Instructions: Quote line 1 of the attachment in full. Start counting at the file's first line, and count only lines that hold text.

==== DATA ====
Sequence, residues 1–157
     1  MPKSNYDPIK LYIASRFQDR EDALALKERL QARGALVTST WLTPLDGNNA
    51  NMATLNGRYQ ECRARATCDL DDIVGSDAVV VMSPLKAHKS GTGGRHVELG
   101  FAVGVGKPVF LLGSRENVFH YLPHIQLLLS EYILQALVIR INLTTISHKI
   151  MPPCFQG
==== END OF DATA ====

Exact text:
Sequence, residues 1–157